The Republican governor vetoed the bill on Wednesday. He says it's too lax on academic performance standards, caves in to special interests and makes it "nearly impossible" for the state to fix struggling schools.

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Margaret Mason has quit the Christina School Board effective immediately.

Her term is not due to expire until 2021.

She was first elected to the board last year.

The Wilmington News Journal reports that the Delaware Department of Education said it is extending the filing deadline for the next school board election in May.

There is a 20 day-candidate filing period for election to the school board.

The paper had no word on why Mason suddenly decided to step down. 

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ANNAPOLIS, Md. (AP) - Gov. Larry Hogan has signed a measure to allocate $28 million in additional school funding, including $23.7 million for Baltimore city.

Hogan signed the bill on Monday morning at a ceremony with Baltimore Mayor Catherine Pugh standing behind him in Annapolis.

The money goes to Baltimore city and 10 Maryland counties that have lost funding in the state's school funding formula due to declining enrollment.

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DOVER, Del. (AP/DPR) - Delaware Gov. John Carney says his first months in office have brought into sharp focus the struggles the state must deal with.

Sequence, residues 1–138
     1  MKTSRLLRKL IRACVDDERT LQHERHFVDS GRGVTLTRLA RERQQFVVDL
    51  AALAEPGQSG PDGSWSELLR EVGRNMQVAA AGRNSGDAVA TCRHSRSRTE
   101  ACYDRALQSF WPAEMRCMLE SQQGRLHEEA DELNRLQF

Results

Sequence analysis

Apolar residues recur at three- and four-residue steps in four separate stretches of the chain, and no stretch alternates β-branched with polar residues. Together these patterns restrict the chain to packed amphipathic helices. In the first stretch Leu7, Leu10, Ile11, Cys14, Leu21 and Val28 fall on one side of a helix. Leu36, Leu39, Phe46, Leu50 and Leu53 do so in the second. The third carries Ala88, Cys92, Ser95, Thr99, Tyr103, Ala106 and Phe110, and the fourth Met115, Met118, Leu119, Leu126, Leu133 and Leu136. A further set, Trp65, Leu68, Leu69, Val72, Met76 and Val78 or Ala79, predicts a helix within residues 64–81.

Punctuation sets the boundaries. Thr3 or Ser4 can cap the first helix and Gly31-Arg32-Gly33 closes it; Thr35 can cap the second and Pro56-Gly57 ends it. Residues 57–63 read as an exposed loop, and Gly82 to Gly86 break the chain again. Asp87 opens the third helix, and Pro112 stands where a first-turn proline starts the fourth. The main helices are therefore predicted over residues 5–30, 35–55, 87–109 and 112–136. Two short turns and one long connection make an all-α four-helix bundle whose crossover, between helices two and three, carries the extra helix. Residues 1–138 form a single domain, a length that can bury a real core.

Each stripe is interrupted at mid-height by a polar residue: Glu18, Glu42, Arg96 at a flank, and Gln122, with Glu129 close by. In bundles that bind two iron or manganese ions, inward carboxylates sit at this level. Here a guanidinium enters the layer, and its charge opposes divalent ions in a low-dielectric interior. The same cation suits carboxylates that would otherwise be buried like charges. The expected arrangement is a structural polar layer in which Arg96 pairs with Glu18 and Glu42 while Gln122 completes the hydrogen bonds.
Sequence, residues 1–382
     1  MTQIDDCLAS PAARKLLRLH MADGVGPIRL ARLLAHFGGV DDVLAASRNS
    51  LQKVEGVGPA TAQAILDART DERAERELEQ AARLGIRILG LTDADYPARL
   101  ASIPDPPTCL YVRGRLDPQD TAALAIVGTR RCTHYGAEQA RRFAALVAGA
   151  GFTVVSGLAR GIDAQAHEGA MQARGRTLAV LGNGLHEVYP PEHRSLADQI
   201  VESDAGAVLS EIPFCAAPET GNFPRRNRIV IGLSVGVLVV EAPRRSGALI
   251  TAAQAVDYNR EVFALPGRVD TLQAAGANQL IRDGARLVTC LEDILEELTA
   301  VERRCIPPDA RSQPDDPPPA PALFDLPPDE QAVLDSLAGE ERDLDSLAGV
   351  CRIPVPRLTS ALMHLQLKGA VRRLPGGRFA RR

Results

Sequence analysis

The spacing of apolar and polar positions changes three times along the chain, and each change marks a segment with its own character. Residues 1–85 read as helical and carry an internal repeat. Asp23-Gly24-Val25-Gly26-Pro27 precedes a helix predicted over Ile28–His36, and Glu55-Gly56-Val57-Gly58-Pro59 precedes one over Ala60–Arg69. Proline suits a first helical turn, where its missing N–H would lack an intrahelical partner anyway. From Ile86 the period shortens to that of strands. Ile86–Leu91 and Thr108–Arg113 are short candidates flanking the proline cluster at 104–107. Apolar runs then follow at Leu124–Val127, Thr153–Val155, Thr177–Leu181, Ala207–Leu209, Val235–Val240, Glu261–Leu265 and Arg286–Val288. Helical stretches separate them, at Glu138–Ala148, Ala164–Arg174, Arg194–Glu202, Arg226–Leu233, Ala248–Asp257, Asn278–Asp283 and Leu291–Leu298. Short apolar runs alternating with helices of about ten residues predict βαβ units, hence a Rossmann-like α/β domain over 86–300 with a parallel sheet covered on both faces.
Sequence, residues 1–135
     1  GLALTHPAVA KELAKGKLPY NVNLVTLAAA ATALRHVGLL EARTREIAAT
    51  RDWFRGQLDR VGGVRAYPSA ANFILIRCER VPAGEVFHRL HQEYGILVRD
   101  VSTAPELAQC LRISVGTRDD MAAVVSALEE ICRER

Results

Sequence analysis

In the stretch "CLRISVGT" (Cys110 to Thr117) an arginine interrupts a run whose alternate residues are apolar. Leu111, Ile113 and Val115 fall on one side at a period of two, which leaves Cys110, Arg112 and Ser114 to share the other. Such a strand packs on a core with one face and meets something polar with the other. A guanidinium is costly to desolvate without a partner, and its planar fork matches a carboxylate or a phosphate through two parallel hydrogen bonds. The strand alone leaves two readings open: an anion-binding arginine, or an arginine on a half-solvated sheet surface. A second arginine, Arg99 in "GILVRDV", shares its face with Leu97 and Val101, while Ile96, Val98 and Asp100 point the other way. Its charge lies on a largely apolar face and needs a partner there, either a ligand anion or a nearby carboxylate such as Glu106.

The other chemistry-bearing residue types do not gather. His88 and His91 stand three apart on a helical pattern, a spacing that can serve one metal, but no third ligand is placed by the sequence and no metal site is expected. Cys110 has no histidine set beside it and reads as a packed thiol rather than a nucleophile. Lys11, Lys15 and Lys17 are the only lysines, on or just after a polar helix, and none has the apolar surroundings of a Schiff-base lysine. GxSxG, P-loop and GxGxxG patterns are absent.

Carney, a Democrat, says the General Assembly has been dealing with a nearly $400 million budget deficit.

"If we're going to tackle the tough issues that confront us, we need to get our financial house in order. We need a budget reset, a new plan to set us on a stronger financial footing and make our state more competitive."

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Forty-one percent of high school graduates in Delaware’s public schools are entering colleges and universities unprepared.

The Wilmington News Journal reports that the Department of Education issued the number during a conference held in Wilmington yesterday.

The Department stressed that acceptance to an institution of higher learning does not mean the student is ready.

The paper reports that 61 percent of the 2015 graduating class enrolled in college – an uptick of 3 percent.

Don Rush

The Indian River School District Superintendent Mark Steele says his students will get “slammed” under the state budget proposed by Governor John Carney.

He told the Wilmington News Journal that what would hurt the school system most is the decision to cut $22 million in the Education Sustainment budget.

Carney’s budget has also slashed $15 million from the school operating budgets.